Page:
The History of Teamwork and Team Roping

When you think of a team building exercise, what do you think of? A trust test, where one person falls and you’re suppose to catch them? Or how about 2 Truths and a Lie, where you share two facts and a lie, and the person other has to guess which one is the lie. Well in the rodeo world, you could say our team building exercise is called team roping. But the difference between team roping and a “normal” team building exercise is that this “exercise” is a lifeline for some, not a game to get to know each other. In this blog post, we’re going to break down the history of team roping along with the ins and outs of the sport.

Like all the events in rodeo, their history stems back from the American cowboys during the wild west days when rodeo was more than just a sport. It was a way of life. Team roping originated on ranches when cowboys needed to brand or treat sick steers that were too difficult to manage on their own. Ever since then, team roping has evolved into competitive timed event where teamwork is a necessity for the cowboys to master between their partners and horses.

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Some say it is similar to steer wrestling, as team roping is a two person timed rodeo event. But there are some stark contrasts between the two. One of the main differences is that in team roping, no one is getting off their horse! With team roping, once the steer is out of the chute, the header and heeler have to chase after him without breaking the barrier. The header, the first cowboy to rope the steer, has to land his rope around the head of the animal. The header must rope the steer with one of three legal catches: clean horn catch (around both horns), a neck catch (around the neck) or a half-head catch (around the neck and one horn). Roping on any other part of the steer is considered illegal and the team will be disqualified.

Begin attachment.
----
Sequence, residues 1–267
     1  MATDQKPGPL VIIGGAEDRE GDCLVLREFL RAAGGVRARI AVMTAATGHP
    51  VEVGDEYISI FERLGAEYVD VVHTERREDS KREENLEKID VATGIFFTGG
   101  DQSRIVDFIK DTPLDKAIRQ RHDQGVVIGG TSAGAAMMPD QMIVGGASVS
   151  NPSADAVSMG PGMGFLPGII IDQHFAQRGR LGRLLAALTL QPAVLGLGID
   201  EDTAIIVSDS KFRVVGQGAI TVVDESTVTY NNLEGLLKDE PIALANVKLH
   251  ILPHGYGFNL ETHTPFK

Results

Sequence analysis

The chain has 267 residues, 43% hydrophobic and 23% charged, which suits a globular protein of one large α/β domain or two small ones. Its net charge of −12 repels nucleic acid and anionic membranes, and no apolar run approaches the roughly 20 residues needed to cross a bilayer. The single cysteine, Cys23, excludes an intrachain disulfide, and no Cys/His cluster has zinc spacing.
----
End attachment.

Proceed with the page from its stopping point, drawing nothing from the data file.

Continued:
After the the header ropes the steer’s horns, or makes the “catch”, they will “take a dally”, where they make a couple wraps of the rope around the horn of their saddle. By wrapping the rope around the horn of the saddle this will help turn the steer to the left. Turning the steer to the left will make it easier for the heeler to catch the steer’s hind legs. When the heeler tries to catch the hind legs they must catch both of the heels. If the heeler is only able to catch one or none of the heels then the team will be given a five-second penalty. To stop the clock, after the heeler ropes the legs, both cowboys must pull their ropes so there is no slack and face each other.

One of the unique and strategic elements of team roping is the type of horses used. The most popular type of horse used in team roping is the American quarter horse. These horses are great for headers because they’re generally taller and heavier, helping headers turn the steers after they’re roped. These horses are also very athletic and able to make quick turns and reach high speeds that are necessary to match a steer’s movement for heeling.

So if you’re company is looking for a new way to bond y’all may want to consider team roping! Or maybe you just come watch some at our next rodeo. Your pick.